And change line 33 to this multi-line block:

      <ChangePasswordPage
        authentication={authentication}
        sendPasswordFunction={this.sendPassword}
      />

Some of you may be going “wait, we’re not passing down authentication via props … we must need to mapStateToProps to get that.” Yep! Let’s do it. Below line 39, add a padding line, and then this code:

const mapStateToProps = state => ({ authentication: state.authentication });

And then change line 43 like this:

export default connect(mapStateToProps)(ChangePasswordPageContainer);

We’re all set here. Save the file, and open up /src/components/account/ChangePasswordPage.jsx. We’re going to add some text with a link, so below line 1, add the following:

import { Link } from 'react-router-dom';

Next we need to change handleValidSubmit to just send the password, so change line 39 to this:

    sendPasswordFunction(formData.password);

Then jump to your render block and below line 42, add this code:

    const { isPasswordChanged, isLoggedIn } = this.props.authentication;

Now we’re going to drop in a couple of different possible returns. This is the same basic thing that we did on the reset password page. In this case, though, we’re going to check for both our isPasswordChanged state variable, and also isLoggedIn, which will let us give different text to users who are or are not logged in (there’s not much point in encouraging a logged-in user to log in, after all). This isn’t really necessary right now since we don’t have a path for logged-in users to change their password yet (we’ll do that eventually, but not before we tackle some music-related stuff), but it’s better to just do it now.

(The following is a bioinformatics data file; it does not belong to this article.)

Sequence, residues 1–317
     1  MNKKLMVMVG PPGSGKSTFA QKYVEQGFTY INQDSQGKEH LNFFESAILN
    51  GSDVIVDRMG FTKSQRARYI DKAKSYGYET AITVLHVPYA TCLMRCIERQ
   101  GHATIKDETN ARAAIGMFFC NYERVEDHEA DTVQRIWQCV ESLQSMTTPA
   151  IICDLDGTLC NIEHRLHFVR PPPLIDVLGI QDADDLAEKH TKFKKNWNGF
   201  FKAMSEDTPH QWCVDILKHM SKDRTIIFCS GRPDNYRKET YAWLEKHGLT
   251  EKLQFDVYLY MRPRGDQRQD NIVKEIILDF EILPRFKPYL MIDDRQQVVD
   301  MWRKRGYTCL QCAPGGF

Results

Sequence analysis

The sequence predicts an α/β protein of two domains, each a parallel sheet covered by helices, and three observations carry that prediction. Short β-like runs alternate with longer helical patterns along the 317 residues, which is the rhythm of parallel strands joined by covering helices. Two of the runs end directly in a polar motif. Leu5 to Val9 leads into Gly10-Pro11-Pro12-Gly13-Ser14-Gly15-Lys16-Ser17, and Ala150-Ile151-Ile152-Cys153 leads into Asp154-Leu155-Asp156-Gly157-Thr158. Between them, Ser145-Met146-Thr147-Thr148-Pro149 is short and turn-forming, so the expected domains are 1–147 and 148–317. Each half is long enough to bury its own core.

Anyway, add a padding line below line 43, and then here are our two conditionals:

    // If they just changed a password and AREN'T logged in
    if (isPasswordChanged && !isLoggedIn) {
      return (
        <div className="row justify-content-center">
          <div className="col-10 col-sm-7 col-md-5 col-lg-4">
            <p>
              Your changes have been saved, and you can
              now <Link to="/account/login">log in</Link> with
              the new password.
            </p>
          </div>
        </div>
      );
    }

    // If they just changed a password and ARE logged in
    if (isPasswordChanged && isLoggedIn) {
      return (
        <div className="row justify-content-center">
          <div className="col-10 col-sm-7 col-md-5 col-lg-4">
            <p>
              Your new password has been saved.
            </p>
          </div>
        </div>
      );
    }

We’re good to go. Save this file, and head for a browser for a quick test. You’ll need to navigate back to the same change password page as before, using the same hash (or you could reset your password again, which would generate a new hash). This time, when you change your password, you should get some handy text telling you that the password has been saved, and you’re ready to log in.

That’s it for today. In the next tutorial, we’re going to lay the groundwork for connecting to a 3rd party music database’s API. It’s time to let our users start saving albums! See you there.